Ragweed Allergy
ragweed allergy

Ragweed plants are soft-stemmed weeds that grow all over the U.S., and they are a common allergen. When someone breathes in ragweed pollen, his or her immune system mistakes it as an illness-causing substance, which causes it to produce chemicals that fight against pollen. Eventually, the person who inhales the pollen experiences allergy symptoms.

Ragweed pollen is one of the most common causes of seasonal allergies in the U.S. The reaction leads to a variety of irritating symptoms, such as sneezing, running nose, and itchy eyes. It can also trigger asthma flares.

Ragweed Facts

Ragweed belongs to a larger family of flowering plants called Compositae. There are 17 types of ragweed that grow in the U.S., typically releasing pollen between August and September. These plants tend to grow in rural areas in all U.S. states, except Alaska. They usually thrive in riverbanks, roadsides, fields, and vacant lots and can stay dormant for more than 10 years. Several types of ragweed include:

  • Sage
  • Mugwart
  • Burweed marsh elder
  • Eupatorium
  • Groundsel bush
  • Rabbit bush

Ragweed is also resistant to herbicides, which makes it difficult for farmers to get rid of them. Their pollen counts tend to be at their highest in late summer to early fall, when the temperature is warmer.

Ragweed Allergy Symptoms

ragweed allergy symptoms

A person who is allergic to ragweed pollen may experience the following:

  • Itchy eyes, nose, and throat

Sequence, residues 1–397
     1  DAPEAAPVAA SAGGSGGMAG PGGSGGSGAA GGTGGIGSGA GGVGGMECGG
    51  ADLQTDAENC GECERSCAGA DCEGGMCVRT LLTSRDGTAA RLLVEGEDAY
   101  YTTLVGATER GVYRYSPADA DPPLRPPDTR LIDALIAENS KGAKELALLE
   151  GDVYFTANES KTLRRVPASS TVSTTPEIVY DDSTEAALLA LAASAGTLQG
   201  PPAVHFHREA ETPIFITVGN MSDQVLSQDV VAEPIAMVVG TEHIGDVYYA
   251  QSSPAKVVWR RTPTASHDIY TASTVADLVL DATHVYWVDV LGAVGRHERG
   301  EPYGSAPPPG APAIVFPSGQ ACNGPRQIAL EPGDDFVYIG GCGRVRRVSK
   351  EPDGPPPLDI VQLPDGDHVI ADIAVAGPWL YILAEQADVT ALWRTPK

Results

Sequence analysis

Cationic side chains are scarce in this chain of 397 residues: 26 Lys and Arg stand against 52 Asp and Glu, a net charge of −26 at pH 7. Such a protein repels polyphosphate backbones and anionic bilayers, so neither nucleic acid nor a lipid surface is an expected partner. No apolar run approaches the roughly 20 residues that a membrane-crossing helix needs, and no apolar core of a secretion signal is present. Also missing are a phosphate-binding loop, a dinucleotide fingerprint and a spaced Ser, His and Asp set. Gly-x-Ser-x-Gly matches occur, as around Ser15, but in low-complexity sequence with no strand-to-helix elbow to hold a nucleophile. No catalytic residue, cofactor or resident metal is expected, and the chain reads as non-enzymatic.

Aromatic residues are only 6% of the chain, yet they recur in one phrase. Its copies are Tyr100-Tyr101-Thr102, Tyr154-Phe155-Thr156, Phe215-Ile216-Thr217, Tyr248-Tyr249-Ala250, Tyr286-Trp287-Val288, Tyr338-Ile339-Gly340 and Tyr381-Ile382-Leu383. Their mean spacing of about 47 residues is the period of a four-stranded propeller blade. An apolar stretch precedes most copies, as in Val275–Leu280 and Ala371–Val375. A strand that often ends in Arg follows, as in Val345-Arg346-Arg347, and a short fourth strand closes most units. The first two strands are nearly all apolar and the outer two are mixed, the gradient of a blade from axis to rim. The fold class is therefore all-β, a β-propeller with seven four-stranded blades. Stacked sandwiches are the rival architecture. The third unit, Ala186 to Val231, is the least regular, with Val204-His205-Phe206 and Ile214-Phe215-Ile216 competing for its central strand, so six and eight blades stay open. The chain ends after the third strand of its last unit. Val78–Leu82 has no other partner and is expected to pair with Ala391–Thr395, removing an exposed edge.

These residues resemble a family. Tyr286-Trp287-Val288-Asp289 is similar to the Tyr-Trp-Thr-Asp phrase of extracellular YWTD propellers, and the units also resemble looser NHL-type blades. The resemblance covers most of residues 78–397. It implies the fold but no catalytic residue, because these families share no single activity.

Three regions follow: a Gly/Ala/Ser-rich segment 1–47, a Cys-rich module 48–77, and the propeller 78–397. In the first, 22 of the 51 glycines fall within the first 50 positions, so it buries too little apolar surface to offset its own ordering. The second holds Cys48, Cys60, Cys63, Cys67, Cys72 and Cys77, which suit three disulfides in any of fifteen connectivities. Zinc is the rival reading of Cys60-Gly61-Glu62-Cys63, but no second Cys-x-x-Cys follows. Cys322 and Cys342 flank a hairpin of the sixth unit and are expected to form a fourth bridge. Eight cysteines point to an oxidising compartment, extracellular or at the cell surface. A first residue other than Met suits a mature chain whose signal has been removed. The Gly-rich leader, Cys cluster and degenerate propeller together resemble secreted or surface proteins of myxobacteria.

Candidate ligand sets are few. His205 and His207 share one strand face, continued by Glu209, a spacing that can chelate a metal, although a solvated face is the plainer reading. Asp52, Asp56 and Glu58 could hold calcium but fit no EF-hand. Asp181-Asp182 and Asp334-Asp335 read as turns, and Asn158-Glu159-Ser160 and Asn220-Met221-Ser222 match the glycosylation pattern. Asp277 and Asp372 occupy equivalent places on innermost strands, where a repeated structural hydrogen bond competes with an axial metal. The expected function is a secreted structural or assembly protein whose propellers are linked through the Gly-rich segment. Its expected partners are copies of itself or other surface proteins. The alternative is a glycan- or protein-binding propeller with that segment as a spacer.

• Puffy eyes
  • Runny or stuffy nose
  • Sneezing
  • Difficulty sleeping

In addition to these symptoms, ragweed allergy may also irritate the upper airways which leads to coughing and wheezing in someone who has asthma. In some cases, people may also develop allergic eczema after being exposed to ragweed pollen. The rashes are usually comprised of small bumps and blisters, which can appear within 24 to 48 hours after exposure, but will usually subside or resolve on its own within 2-3 weeks. Also note that people who are allergic to other substances are at increased risk for ragweed allergies.


Doctors can usually diagnose ragweed allergy, but they may still refer you to an allergist to determine the specific allergen that’s causing your symptoms. Aside from taking your medical history, he or she will then perform a skin prick test. However, having a reaction during this test does not always mean that you’re allergic to the substance. The allergist will use the test results and their own medical evaluation to devise a treatment plan.


Ragweed pollen is difficult to avoid, but there are several different treatments that can help relieve your symptoms. Antihistamines, decongestants, nasal corticosteroids, and medications that combine antihistamine and decongestant, are some of the possible medications your doctor could prescribe.

It is important to see your doctor and have yourself tested, before anything else. Do not take medicines that are not prescribed by your doctor, or your allergist.

Lifestyle Changes


The following tips may help you prevent an allergic reaction to ragweed:

  • Use an air conditioner for extended periods of time and well into the fall
  • Avoid going outside in the morning, when pollen counts are high
  • Consider using a portable high-efficiency particulate air (HEPA) filter or humidifier
  • Clean and vacuum your house weekly
  • Immediately wash clothing after wearing them outdoors
  • Dry your clothes in a dryer rather than on a clothes line
  • Avoid foods and herbs that contain proteins similar to those in ragweed pollen (bananas, chamomile, cantaloupes, cucumbers, Echinacea, honeydew melons, watermelons, zucchini)

Also note that symptoms related to food allergies will be worse during ragweed season. Unusual feelings such as your mouth tingling or itching after eating any of the foods listed above, warrant an immediate visit to the doctor.

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